2. Increase the RRSP contribution age. Why should people be forced to stop contributing to RRSPs and start making withdrawals when they reach age 71? It’s an important question at a time when mandatory retirement has become an outdated policy and an increasing number of people are working into their 70s, either by choice or necessity.

We also need to consider the fact that a significant percentage of baby boomers are approaching retirement age without a pension plan or adequate savings to sustain them for a life span that may extend into their 80s or beyond.

The only obvious reason for an age cut-off for RRSPs is to enable the government to start taxing these savings sooner rather than later. In other words, it’s a tax grab. My view is that people should be allowed to contribute to RRSPs for as long as they wish. The government will get its money sooner or later. Remember that at the death of the last surviving spouse, all money in an RRSP or RRIF is deemed to have been taken into income and is taxed accordingly.

The committee didn’t go so far as to endorse a lifetime RRSP but the proposal to increase the age limit to 75 is a good start. Their plan is to phase in the change over eight years (six months per year).

3. Review the minimum RRIF withdrawal rates. This one is a no-brainer. The current minimums are much too high in relation to the returns a prudent investor can earn in a RRIF. A 71-year-old has to take out 7.38 per cent of the plan’s value and the percentage increases annually. With interest rates at record lows and income trusts a thing of the past, this means most people will have to begin dipping into capital immediately. This is folly, especially at a time when life expectancy is steadily increasing. The last thing we need is for retirees to start running out of money in their 80s because the government forced them to withdraw more cash than they needed when they were younger. My view is there should be no mandatory minimum, period. Let people take out what they need to live on and save the rest.

4. Increase TFSA contribution room. This was another issue I touched on in my presentation to the committee. I think Tax-Free Savings Accounts are a great idea but the low contribution limit of $5,000 a year works in favour of younger people and places older Canadians, with fewer years to contribute, at a disadvantage. The committee strongly agreed. Recommendation four proposes that a lifetime contribution limit of $100,000 be established for TFSAs, which would be in addition to the annual limit.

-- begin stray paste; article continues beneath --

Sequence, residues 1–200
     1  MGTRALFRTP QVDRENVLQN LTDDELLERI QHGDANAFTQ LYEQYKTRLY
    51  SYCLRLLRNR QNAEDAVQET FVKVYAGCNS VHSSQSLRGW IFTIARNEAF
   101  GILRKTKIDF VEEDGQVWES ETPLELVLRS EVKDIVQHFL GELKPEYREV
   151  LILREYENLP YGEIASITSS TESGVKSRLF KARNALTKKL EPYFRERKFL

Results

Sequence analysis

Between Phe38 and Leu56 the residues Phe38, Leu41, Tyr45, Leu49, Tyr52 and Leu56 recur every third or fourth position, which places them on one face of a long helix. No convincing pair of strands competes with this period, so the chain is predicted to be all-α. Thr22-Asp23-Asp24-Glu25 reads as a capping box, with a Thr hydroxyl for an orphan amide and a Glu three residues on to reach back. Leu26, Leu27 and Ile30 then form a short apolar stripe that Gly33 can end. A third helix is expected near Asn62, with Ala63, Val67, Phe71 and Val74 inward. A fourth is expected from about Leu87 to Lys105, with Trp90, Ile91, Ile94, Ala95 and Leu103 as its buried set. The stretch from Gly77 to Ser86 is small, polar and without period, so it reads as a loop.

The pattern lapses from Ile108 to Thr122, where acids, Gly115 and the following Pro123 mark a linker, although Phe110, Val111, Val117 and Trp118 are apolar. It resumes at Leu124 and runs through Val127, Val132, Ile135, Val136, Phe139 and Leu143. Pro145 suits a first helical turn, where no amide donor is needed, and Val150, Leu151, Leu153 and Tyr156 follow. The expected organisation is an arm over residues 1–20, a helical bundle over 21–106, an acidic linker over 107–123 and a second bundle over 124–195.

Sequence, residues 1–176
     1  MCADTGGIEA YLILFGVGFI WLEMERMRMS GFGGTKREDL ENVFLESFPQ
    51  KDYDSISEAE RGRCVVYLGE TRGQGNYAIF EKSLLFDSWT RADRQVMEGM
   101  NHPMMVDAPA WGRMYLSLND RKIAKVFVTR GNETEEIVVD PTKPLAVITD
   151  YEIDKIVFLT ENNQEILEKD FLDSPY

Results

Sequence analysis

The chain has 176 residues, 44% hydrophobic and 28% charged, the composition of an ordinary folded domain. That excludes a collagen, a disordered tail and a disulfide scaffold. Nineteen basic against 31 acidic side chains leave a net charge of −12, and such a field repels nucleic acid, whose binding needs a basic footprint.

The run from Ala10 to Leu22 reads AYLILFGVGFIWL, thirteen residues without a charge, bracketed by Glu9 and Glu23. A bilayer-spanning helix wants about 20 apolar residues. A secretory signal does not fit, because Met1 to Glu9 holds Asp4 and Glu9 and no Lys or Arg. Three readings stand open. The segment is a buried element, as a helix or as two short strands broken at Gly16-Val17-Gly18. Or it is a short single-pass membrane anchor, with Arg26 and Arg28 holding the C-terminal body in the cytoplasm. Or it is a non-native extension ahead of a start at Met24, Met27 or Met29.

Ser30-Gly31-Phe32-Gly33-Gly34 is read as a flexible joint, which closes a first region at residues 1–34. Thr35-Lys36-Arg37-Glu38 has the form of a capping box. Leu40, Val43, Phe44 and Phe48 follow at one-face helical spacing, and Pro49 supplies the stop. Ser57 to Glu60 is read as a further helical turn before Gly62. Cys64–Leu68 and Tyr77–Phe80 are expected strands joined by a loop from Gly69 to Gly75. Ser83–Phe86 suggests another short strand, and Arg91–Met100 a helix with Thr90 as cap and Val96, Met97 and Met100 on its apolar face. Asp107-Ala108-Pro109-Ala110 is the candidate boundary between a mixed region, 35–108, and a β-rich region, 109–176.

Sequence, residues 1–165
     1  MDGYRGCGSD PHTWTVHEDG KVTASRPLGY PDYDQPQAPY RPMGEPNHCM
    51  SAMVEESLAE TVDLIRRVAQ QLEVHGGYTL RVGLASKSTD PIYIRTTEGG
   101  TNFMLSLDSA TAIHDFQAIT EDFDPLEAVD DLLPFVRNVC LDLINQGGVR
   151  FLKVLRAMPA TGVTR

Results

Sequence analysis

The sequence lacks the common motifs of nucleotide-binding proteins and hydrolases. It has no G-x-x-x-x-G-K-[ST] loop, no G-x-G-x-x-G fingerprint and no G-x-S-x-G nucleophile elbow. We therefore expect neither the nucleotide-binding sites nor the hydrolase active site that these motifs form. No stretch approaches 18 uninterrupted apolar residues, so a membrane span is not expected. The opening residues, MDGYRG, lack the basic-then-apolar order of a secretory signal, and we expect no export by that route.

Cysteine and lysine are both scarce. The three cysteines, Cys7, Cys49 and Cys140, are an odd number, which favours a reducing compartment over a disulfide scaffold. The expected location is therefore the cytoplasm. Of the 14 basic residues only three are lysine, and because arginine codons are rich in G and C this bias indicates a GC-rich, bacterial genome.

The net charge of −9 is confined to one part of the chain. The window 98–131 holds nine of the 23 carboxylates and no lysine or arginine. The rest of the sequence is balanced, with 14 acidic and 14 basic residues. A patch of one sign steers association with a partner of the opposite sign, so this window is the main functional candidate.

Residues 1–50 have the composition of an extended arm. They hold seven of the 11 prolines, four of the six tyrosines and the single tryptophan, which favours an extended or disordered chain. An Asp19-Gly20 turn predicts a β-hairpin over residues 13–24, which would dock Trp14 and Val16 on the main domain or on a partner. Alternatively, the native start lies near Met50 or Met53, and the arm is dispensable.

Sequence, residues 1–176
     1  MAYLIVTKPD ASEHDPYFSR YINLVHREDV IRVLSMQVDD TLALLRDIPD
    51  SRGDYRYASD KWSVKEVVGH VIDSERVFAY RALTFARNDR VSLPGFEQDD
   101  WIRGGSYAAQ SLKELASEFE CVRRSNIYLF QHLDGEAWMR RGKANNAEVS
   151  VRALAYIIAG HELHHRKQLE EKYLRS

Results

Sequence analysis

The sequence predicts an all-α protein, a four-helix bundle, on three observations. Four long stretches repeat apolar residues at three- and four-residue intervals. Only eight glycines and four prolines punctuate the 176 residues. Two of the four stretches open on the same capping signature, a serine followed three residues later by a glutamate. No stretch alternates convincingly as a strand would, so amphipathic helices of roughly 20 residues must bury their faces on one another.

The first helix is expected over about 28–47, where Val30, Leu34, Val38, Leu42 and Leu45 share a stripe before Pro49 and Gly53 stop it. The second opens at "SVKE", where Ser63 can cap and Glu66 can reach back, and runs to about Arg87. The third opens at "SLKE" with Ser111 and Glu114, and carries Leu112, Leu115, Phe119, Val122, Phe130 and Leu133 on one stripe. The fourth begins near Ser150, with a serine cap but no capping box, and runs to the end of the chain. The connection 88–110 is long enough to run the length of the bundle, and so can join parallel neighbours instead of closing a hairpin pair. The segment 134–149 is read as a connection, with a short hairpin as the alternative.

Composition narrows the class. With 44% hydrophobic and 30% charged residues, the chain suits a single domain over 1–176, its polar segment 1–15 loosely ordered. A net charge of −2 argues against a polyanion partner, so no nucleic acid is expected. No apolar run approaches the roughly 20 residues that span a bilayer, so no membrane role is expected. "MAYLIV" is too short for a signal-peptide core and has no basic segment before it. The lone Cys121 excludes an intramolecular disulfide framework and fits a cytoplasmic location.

“Such a change could have several benefits,” the report said. “The lifetime contribution room could be used by individuals who experience a ‘financial windfall,’ including those we identified earlier as being our principal focus… Lifetime contribution room could also benefit those who are close to retirement and have had relatively less time to make TFSA contributions and to accumulate unused TFSA contribution room.”

The committee said that the Department of Finance estimates that such a plan would cost about $600 million initially, gradually rising to about $1.2 billion annually. But that assumes everyone would take advantage of the provision. Clearly, they won’t. The Finance estimate isn’t a worst-case scenario; it’s an impossible scenario. The committee dismisses the cost issue with the comment: “While we recognize the federal budgetary constraint that currently exists, we believe that the benefits of lifetime TFSA contribution room of $100,000 per individual, as adjusted for inflation — such as reduced public pension costs as well as higher levels of saving — would outweigh the cost.”

None of these changes is dramatic in and of itself. But taken together, they would provide meaningful improvements to a retirement savings system which, while not broken, can certainly be made better. Let’s hope that Mr. Flaherty won’t wait for national agreement on the CPP to introduce the necessary amendments.

Photo © Bryan Delodder